Comics: Normandy Gold - Reviewed

We review the crime thriller Normandy Gold 

New from Titan Comics and part of their Hard Case Crime label, the crime graphic novel Normandy Gold is an intense and unflinchingly realistic take on vigilantes, exploitation, and political corruption films of the ‘70s. Featuring a dark and unsettling world of violence and corruption, a cinematic feel to the visual and storytelling elements, and and one of the most brutal and badass female protagonists to grace a comic page, this is essential reading for fans of crime fiction.

Written by best-selling crime authors Megan Abbott (You Will Know Me, HBO’s The Deuce) & Alison Gaylin (What Remains Of Me), the story follows Normandy Gold, a sheriff from Oregon, who goes to Washington D.C. seeking to find and kill the people responsible for her sister’s murder. Willing to do anything to uncover the mystery, she assimilates herself into a world of high-prostitution, secret-sex clubs, dirty politicians, political corruption, and murder. Abbott and Gaylin have crafted a story that resembles many of the political thrillers and vengeance films from the ‘70s, such as The Parallax View, Coffy, Pretty Baby, Dressed to Kill, and All the President's Men, with the major difference being that the main character is a woman, which frankly just makes this story that much better. Normandy Gold isn’t just any woman. She's the female equivalent of Dirty Harry and Charles Bronson from Death Wish, whose unusual and rough upbringing seemingly prepared her to go on a vigilante manhunt. With a nihilistic rage and a really big knife, Normandy is willing to screw, torture, and kill until she either gets the information that she’s looking for or has eliminated everyone responsible. She’s so consumed with anger and rage that any type of formal police work is thrown out the window and left to Detective Paul Sturges, the only person willing to help her.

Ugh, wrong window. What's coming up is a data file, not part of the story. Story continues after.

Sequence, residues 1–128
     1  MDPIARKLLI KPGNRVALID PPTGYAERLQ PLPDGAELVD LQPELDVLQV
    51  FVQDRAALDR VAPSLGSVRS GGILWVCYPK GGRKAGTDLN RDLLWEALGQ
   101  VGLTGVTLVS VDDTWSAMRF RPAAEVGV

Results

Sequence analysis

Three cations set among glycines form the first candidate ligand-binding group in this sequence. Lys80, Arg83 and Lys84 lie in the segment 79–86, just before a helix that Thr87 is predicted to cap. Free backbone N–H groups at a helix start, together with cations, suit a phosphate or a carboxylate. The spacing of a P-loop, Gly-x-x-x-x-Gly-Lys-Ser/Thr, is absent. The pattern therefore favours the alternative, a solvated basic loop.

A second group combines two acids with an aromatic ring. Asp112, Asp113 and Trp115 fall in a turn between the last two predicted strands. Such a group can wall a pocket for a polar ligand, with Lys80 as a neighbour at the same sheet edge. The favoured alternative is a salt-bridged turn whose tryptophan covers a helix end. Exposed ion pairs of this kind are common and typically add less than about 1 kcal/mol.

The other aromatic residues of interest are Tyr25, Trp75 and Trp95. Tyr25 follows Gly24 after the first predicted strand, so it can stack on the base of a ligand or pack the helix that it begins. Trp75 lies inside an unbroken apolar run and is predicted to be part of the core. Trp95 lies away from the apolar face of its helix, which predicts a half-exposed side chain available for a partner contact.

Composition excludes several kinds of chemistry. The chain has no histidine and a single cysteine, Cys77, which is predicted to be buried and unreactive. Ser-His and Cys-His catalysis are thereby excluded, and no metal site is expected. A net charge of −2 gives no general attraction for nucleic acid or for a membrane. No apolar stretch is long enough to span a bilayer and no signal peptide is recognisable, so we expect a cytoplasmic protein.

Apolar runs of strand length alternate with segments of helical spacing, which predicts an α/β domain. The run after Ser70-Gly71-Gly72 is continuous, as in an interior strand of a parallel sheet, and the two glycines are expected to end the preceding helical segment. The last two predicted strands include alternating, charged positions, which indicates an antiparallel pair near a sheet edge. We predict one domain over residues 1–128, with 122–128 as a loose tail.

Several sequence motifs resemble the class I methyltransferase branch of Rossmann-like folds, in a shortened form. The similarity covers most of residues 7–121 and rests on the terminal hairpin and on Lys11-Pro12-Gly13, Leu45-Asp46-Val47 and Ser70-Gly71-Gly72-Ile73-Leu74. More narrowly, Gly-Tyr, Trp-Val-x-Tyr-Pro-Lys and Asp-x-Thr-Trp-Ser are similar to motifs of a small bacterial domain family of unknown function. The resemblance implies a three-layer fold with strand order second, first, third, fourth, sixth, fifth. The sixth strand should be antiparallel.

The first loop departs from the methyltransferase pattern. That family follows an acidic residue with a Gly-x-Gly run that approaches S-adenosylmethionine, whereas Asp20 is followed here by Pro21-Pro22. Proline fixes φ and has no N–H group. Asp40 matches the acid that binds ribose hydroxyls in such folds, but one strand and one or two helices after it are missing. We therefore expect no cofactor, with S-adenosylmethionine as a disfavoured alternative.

The art from Steve Scott (Batman, X-Men Forever, JLA) and Rodney Ramos (Batman, Green Lantern) has a realistic and cinematic look to it, with panels and pages that could have been pulled from classic thrillers. There is a great deal of line work and cross-hatching, as well as heavily shadowed characters. The attention to era-specific details is apparent, from the environments to the clothing, it is obvious that they made sure to extensively research the decade. Depending on your film knowledge, you may notice that many of the main characters resemble actors from then and now, having been selected by the writers as a sort of fan casting. The colors and digital shading from Lovern Kindzierski add an extra level of depth to the characters and their environments, making them a little more realistic.

Normandy Gold is a must read for fans of extremely dark and gritty crime thrillers, offering up a story that isn’t afraid to seek out the nasty underbed of society. With an excellent tale of political corruption and vigilante justice, and a tough and well crafted female protagonist, this is one not to miss. Normandy is the type of character that we could all do with seeing more of.